Early Years

Every day at Rush Farm Children’s Garden has a consistent rhythm and a predictable routine, so the children are doing the same things at the same times. This rhythm enables the children to know what to expect, helping them to feel safe and secure. There is a varied pace throughout the day between times of activity and rest, child-initiated activity with teacher-led activity. For example creative play followed by a more concentrated ring  time.

Daily Rhythm

Free Play and Activity
The day starts with a period of free play which could take place inside or out which is followed by a particular activity for example:
Monday morning the children bake bread for lunch.
Tuesday morning the children cut up vegetables for soup they eat at lunch.
Wednesday is painting day. Wet on wet painting is all about colour and how it makes you feel rather than painting objects or people.
Thursday is craft day which might be making lanterns for the Martinmas Lantern walk or making leather gloves, sewing and weaving, whittling wood, fingerknitting, all of course under the watchful eye of a grown-up. These activities are either for the whole group or the older children will be given more challenging projects as their abilities and needs grow. The child will be allowed to handle certain tools under supervision, because we believe that as long as the children are taught how to handle something correctly and that they learn and have respect for the tool than it is of benefit to them to be able to use them.
The activities change during the seasons and where they are carried out can also change with the weather. It has been known to make bread, prepared back at base, cooked over a wood fire in the woodland camp – delicious! Autumn sees a glut of apples from the Rush Farm Children’s Garden apple tree, which are turned into delicious apple crumble.
Before ring time can start, everyone is involved in tidying up. Tidying up is an important task and the aim is that it is done in such a way that it does not occur to the children that this is something that spoils their fun or is a tedious chore. It is done out of imitation of the adults and more experienced children, and soon becomes part of the rhythm of the day.

Ring time
Ring time is when the children come together in a circle to sing traditional songs, play games and rhythmical verses. An individual song or verse will be repeated every day for a week or more, giving the children time to learn it off by heart, before a new song or rhyme is introduced. The activities in ring time help focus the children’s attention, develop their linguistic skills and help strengthen their motor skills.

Meals consist of a morning snack of fruit and oatcakes or porridge and a freshly prepared hot meal at lunchtime. The meals are always vegetarian and there is a different meal each day. The lunches are made by the teachers and helped to create by the children. Meals are shared together around the table. A blessing on the meal and perhaps a short rhyme or seasonal song is sung before eating. Vegetables and fruit come from the Rush Farm kitchen garden and polytunnel when available, otherwise organic produce is always purchased when possible. As well as help with the preparation of certain meals, the children also help with laying the table, clearing away and washing up. Recycling and composting is part of the routine. Meal times offer an opportunity to develop good habits, social, communication and mathematical skills – for example counting out the number of plates needed, and to co-operate in setting the table, sharing out of food, partaking in conversation and listening to the comments of others.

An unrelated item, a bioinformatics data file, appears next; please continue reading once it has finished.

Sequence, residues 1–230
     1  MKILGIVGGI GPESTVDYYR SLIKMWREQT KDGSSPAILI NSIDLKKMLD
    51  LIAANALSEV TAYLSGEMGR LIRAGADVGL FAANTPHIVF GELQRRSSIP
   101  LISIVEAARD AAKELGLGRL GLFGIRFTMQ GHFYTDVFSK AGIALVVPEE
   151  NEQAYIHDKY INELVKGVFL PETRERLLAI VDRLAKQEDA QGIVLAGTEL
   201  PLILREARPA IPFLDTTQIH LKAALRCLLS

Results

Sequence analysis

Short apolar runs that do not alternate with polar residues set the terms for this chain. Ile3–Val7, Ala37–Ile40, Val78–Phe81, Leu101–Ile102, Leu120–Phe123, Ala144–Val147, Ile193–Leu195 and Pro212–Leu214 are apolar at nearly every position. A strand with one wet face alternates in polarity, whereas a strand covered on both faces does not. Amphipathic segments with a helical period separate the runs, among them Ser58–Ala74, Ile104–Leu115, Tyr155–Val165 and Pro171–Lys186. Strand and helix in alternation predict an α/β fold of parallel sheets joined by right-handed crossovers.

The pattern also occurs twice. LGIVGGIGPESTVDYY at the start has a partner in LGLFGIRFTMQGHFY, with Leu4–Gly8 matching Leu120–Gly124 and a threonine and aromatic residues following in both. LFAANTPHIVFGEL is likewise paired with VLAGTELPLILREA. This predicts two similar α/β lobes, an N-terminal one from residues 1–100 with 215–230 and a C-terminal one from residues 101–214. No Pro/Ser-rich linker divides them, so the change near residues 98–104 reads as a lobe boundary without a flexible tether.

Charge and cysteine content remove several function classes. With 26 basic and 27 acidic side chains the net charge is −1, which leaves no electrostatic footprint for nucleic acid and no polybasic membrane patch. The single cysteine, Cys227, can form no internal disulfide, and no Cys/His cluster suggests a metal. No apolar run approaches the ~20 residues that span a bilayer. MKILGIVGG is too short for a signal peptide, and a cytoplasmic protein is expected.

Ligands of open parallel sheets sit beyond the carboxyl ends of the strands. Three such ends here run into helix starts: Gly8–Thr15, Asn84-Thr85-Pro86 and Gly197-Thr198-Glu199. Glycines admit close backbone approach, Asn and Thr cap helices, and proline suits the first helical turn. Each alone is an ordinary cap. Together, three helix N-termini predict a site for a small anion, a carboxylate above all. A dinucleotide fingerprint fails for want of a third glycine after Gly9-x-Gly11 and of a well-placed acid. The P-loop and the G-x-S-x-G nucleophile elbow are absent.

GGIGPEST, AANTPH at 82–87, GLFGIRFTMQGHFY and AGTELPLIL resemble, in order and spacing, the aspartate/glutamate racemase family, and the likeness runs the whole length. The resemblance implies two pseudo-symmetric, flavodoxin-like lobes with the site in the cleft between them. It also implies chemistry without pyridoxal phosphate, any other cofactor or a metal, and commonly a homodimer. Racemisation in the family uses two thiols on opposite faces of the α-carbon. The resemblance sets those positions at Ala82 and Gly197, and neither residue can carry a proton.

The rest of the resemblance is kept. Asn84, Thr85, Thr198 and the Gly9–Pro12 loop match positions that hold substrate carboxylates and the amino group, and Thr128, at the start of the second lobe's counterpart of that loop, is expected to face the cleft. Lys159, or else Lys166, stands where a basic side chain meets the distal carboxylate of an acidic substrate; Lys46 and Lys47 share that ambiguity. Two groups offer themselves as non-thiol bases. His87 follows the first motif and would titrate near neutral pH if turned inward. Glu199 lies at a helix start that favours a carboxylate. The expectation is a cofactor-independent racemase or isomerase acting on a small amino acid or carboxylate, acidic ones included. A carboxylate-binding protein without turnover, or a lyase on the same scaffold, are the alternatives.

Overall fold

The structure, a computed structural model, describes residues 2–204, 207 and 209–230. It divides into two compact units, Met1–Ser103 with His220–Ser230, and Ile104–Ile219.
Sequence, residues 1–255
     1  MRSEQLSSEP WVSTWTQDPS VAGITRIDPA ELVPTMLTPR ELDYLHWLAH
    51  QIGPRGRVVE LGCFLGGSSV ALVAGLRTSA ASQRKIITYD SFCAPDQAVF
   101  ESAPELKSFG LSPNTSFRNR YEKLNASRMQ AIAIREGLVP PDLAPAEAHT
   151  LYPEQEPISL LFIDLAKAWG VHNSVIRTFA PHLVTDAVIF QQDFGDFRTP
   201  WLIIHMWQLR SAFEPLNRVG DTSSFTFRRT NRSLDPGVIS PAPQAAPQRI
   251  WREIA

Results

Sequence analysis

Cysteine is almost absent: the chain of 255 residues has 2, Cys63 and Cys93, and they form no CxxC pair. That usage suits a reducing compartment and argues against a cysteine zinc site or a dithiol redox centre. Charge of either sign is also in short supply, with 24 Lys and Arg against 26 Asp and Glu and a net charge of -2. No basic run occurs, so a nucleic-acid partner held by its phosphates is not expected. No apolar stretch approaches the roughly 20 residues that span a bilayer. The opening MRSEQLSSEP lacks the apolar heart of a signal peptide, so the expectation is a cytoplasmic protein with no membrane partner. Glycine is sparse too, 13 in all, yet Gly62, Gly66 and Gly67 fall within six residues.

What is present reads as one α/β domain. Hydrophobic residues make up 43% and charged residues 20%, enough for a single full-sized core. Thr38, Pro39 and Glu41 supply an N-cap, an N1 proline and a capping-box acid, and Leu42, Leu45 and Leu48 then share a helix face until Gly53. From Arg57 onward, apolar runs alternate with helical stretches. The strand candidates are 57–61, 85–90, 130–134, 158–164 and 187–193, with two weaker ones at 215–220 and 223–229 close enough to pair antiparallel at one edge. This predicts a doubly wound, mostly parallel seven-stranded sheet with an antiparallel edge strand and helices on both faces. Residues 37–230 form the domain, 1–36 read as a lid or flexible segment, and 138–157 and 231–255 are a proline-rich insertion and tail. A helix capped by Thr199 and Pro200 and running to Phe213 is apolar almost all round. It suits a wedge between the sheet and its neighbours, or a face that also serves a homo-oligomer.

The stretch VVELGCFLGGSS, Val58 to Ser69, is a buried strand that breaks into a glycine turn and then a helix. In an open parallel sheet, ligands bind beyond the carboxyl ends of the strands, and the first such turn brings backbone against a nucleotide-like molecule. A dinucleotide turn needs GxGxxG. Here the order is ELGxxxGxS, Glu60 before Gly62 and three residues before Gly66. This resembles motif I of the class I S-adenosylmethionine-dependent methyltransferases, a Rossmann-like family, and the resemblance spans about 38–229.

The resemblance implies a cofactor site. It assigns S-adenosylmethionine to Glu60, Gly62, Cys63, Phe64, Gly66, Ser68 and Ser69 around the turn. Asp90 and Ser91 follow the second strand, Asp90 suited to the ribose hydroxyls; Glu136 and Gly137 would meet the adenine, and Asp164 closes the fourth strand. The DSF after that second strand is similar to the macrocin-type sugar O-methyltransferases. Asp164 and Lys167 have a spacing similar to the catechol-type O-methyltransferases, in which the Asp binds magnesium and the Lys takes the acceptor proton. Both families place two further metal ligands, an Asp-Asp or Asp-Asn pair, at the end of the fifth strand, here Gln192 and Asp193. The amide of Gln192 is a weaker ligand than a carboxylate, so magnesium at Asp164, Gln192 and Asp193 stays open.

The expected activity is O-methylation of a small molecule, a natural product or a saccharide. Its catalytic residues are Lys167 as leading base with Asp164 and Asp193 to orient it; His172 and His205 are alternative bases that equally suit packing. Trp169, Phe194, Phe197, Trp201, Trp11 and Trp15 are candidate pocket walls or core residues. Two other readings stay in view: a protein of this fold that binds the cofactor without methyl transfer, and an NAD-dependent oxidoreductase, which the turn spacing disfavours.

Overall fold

We have a safe outdoor play space with a sandpit, climbing frame with space underneath for making dens / hiding areas and a lawn and area of woodchip. There are flower beds in which we grew peas and raspberries last year amongst the flowers. There is also of course easy access to the fields of Rush Farm. The development of the physical co-ordination through movement, balance etc. is fundamental at this age. Climbing trees, balancing on poles or doing hard physical digging all provide an excellent opportunity for children to develop these capacities, and to find their own boundaries. Further, play out of doors has a different quality/mood from the indoor play and allows for a different social dynamic to emerge. It also provides an opportunity for children to begin to appreciate their environment.
When the weather suits we spend all day outside including eating, ring time and play, either in the garden or wood or both!

Story time
The morning concludes with story time normally a fairy or folk tale. A well-told story creates an appreciation for the human voice and the beauty and rhythms of language. It also helps to extend vocabulary and aids the development of a good memory. Children love to hear the same story many times and delight in the repetition which brings the opportunity for children to familiarise themselves with the material and to deepen their relationship to it.

After lunch there is a different feel. There is rest time for the little ones and a longer period of play, generally outside, crafts and playing with friends before home time.

Below is an example of a typical day:

9.00am free play and activity
10.15 ring time
10.45 little lunch
11.15 outdoor free play or activity
12.30 story time
12.45 lunch
1.30 rest time
2.00 free play
3.00 home time

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